Oats...feel full for longer!
Oatmeal for breakfast is a great way to start your day.
Nothing says "good morning" like a warm bowl of oatmeal. Whether slowly cooked and creamy, or blended with fresh fruit in a smoothie, oats provide your body with many benefits. If you're not eating oatmeal for breakfast, you're missing out on a delicious way to add fibre and nutrients to your body first thing in the morning.
Whole Grain - Oatmeal is a whole grain, and eating whole grains can lower your risk for several diseases, including high blood pressure and type 2 diabetes. Oatmeal also contains lignans, a plant chemical that has been found to prevent heart disease. The food label on your package of oats should list one ingredient: whole grain oats. Avoid pre-packaged oatmeal that may be high in both sodium and sugar and lower in beneficial fiber.. Oats are a source of iron, magnesium and B vitamins.
Lower Weight - Oatmeal is a source of fibre. That means when you eat oats for breakfast, you're going to feel full for a long time. Breakfast foods high in sugar and fat can make you feel full for a brief period, but then you're hungry again. A breakfast smoothie, consisting of blended oats and frozen berries can satisfy your hunger easily until lunch.
Oatmeal Options - If you've tried oatmeal before and didn't like it, reconsider. Combining fruit or nuts with your oats while they're cooking adds more nutrients. Spices like cinnamon and nutmeg give great flavour to your oats. Do not add any sugars, if you need extra sweetness, add a teaspoon of Perfect Sweet xylitol or let the natural flavor of the fruits and spices take over. Blend your oats with different fruit into a healthy oatmeal smoothie. Because oatmeal is such a beneficial food, try to find a different way to eat it every day.
1. Low calorie food; stops cravings.
A cup is only 130 calories! It also stays in your stomach longer, making you feel full longer. You will have less hunger and cravings.
2. Provides high levels of fibre, low levels of fat, and high levels of protein.
It’s on the short list for the highest protein levels of any grain.
3. Stabilizes blood sugar and reduces the risk of Type 2 diabetes
The high fibre and complex carbohydrates slow down the conversion of this whole food to simple sugars. The high levels of magnesium nourish the body’s proper use of glucose and insulin secretion.
4. Removes your bad cholesterol (without affecting your good cholesterol).
Eating oatmeal can lower your cholesterol, especially your LDL, or "bad" cholesterol. If you've been diagnosed with high cholesterol, consider adding oatmeal to your daily menu. MayoClinic.com even recommends oatmeal as one of the top five foods to eat to improve your cholesterol numbers.
Many studies have shown that the unique fibre in oatmeal called beta-glucan, has beneficial effects on cholesterol levels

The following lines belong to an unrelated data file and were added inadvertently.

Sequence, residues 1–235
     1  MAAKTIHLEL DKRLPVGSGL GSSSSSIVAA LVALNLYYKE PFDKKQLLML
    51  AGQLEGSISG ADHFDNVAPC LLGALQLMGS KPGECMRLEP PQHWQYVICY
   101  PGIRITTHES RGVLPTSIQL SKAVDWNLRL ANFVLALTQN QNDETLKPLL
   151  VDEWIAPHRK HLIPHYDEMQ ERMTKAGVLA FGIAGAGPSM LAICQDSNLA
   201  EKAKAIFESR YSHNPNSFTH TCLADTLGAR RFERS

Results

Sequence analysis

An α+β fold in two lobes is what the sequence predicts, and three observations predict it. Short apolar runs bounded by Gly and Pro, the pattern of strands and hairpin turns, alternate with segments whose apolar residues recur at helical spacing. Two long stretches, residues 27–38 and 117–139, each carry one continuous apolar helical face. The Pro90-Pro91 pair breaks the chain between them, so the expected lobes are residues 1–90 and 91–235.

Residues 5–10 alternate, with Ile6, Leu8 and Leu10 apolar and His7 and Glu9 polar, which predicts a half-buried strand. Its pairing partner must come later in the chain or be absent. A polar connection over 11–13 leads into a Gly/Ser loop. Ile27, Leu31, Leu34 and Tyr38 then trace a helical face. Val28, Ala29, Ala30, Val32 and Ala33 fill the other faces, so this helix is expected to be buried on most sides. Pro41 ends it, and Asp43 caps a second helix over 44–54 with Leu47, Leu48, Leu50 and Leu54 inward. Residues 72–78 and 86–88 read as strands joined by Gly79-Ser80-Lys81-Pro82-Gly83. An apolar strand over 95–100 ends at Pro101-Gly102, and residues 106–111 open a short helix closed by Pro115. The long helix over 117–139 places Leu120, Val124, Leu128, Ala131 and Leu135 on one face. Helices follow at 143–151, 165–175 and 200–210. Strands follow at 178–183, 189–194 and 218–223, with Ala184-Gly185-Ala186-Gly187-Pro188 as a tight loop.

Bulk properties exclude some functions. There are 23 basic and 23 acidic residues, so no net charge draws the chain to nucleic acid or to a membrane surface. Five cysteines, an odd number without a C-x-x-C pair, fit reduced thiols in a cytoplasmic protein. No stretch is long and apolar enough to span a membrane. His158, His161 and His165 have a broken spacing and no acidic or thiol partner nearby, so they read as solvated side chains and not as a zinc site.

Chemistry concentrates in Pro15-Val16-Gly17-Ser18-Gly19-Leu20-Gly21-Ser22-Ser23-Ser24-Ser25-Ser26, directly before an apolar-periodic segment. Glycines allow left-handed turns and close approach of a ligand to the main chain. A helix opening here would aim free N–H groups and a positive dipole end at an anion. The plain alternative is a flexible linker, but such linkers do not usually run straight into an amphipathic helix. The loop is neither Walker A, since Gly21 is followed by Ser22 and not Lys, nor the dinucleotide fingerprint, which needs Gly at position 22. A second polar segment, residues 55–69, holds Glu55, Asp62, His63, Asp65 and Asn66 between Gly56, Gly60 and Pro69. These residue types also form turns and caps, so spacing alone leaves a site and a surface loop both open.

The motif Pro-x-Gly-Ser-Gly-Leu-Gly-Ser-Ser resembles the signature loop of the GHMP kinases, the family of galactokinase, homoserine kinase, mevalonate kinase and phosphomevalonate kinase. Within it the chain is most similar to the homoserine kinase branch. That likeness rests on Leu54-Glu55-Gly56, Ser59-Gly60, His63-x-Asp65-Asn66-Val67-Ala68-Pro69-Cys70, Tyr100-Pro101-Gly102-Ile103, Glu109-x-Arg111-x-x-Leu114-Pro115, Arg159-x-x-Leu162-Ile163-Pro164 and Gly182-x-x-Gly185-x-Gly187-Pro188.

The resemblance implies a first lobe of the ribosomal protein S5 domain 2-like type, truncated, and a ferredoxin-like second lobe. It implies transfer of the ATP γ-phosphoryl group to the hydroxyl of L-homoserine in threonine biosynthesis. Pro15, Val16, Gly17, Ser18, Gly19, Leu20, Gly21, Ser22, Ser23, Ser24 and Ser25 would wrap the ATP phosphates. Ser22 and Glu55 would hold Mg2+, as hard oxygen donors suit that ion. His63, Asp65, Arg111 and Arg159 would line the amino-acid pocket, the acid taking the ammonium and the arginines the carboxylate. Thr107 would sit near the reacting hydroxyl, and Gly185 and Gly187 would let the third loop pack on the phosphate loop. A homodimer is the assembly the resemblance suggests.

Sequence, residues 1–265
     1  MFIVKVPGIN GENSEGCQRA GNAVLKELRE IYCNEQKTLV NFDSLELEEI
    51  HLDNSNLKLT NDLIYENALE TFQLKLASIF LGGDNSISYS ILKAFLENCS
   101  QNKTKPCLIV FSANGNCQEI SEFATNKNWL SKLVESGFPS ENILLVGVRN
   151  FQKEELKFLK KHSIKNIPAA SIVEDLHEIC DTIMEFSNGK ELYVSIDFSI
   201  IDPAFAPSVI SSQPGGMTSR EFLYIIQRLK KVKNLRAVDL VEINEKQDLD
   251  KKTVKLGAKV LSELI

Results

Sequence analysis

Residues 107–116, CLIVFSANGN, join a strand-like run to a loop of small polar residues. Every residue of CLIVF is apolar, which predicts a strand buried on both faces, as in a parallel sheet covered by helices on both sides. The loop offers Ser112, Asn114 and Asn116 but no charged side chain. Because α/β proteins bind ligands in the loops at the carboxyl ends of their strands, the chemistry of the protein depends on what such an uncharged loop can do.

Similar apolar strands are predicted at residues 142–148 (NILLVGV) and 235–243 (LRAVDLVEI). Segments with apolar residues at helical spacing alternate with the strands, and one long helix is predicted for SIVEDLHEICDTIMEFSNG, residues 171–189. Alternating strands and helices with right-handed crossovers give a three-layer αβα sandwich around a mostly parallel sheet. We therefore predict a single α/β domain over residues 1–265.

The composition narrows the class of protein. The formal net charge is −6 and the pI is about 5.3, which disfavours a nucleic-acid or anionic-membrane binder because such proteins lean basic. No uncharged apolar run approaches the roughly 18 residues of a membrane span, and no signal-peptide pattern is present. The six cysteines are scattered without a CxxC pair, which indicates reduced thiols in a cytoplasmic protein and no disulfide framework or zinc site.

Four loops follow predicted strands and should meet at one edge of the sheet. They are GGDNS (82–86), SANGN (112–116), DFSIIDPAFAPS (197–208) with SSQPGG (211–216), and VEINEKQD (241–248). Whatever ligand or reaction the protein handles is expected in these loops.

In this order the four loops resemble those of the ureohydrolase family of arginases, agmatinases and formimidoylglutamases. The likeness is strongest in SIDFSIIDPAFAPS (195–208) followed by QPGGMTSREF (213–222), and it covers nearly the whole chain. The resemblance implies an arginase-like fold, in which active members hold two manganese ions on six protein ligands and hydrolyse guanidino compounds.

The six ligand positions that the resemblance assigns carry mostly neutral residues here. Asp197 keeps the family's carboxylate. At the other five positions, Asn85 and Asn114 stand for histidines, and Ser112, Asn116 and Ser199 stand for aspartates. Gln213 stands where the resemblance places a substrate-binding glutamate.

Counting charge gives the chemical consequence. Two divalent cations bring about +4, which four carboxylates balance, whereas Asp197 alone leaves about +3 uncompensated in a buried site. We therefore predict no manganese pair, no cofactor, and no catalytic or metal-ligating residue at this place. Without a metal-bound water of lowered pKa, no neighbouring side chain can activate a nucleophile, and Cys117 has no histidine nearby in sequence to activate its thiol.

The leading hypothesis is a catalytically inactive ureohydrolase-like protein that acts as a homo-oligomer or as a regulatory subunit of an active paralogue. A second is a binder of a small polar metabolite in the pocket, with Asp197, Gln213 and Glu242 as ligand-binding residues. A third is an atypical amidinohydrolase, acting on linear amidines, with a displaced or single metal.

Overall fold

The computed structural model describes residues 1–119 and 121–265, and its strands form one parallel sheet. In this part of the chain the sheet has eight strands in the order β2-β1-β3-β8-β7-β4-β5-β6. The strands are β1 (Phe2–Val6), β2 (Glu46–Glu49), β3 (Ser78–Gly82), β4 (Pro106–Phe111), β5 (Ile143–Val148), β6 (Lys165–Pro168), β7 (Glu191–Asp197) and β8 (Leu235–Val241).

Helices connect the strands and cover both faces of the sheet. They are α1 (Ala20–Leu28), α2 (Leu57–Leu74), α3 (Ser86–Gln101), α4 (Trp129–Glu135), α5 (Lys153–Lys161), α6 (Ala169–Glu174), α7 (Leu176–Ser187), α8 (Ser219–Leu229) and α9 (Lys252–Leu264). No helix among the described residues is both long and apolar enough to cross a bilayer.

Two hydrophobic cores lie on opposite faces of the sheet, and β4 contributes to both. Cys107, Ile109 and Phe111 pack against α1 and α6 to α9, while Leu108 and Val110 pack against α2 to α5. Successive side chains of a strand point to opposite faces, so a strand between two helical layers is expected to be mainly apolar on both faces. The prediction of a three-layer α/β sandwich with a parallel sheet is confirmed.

5. Contains lignans which protect against heart disease and cancer.
Oatmeal, like many whole grains, contains plant lignans, which are converted by intestinal flora into mammalian lignans. One lignan, called enterolactone, is thought to protect against breast and other hormone-dependent cancers as well as heart disease.
6. Contains unique antioxidants beneficial for heart disease.
Unique antioxidants in oatmeal called avenanthramides, help prevent free radicals from damaging LDL cholesterol, thus reducing the risk of cardiovascular disease.
7. Protects against heart failure.
A Harvard study on 21,000 participants over 19 years showed that found that men who enjoyed a daily morning bowl of whole grain (but not refined) cereal had a 29 percent lower risk of heart failure.
Guess what grain is most easily found and prepared unrefined – oats.
8. Enhances immune response to disease. The unique fibre in oatmeal called beta-gluten also has been shown to help neutrophils travel to the site of an infection more quickly and it also enhances their ability to eliminate the bacteria they find there
9. It tastes good!
All oats have gone through a heat process which gives them their rich nutty flavor. This keeps them from spoiling. They have also been hulled. This process does not strip away all the bran and germ allowing them to retain a concentrated source of fibre and nutrients .
This means however, that oats are not raw and will not sprout.
Different Kinds of Oatmeal:
All the benefits mentioned above are actually for oats. Most people don’t think about oats – they think about oatmeal. In fact most people could not identify whole oats if they were sitting in front of them.
There are many different levels of processing of oatmeal. Generally the larger the “flake” – as in rolled oats or the bigger the seed or groat – as in steel cut oats – the less processed it will be, the more nutrients it retains and the slower it will be to digest. It will also be slower to cook.
Most people think steel cut oats are the least processed since that is how the largest groats are labeled, but some of the most processed oats like instant and baby are also steel cut.